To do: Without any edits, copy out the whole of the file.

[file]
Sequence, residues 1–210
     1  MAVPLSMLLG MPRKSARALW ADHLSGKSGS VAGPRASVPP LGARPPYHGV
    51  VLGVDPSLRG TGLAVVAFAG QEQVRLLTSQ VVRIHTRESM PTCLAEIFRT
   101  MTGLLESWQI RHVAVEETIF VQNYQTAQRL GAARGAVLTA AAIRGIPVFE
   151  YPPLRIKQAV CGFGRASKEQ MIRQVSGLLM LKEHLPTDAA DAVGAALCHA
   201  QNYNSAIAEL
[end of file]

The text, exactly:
Sequence, residues 1–210
     1  MAVPLSMLLG MPRKSARALW ADHLSGKSGS VAGPRASVPP LGARPPYHGV
    51  VLGVDPSLRG TGLAVVAFAG QEQVRLLTSQ VVRIHTRESM PTCLAEIFRT
   101  MTGLLESWQI RHVAVEETIF VQNYQTAQRL GAARGAVLTA AAIRGIPVFE
   151  YPPLRIKQAV CGFGRASKEQ MIRQVSGLLM LKEHLPTDAA DAVGAALCHA
   201  QNYNSAIAEL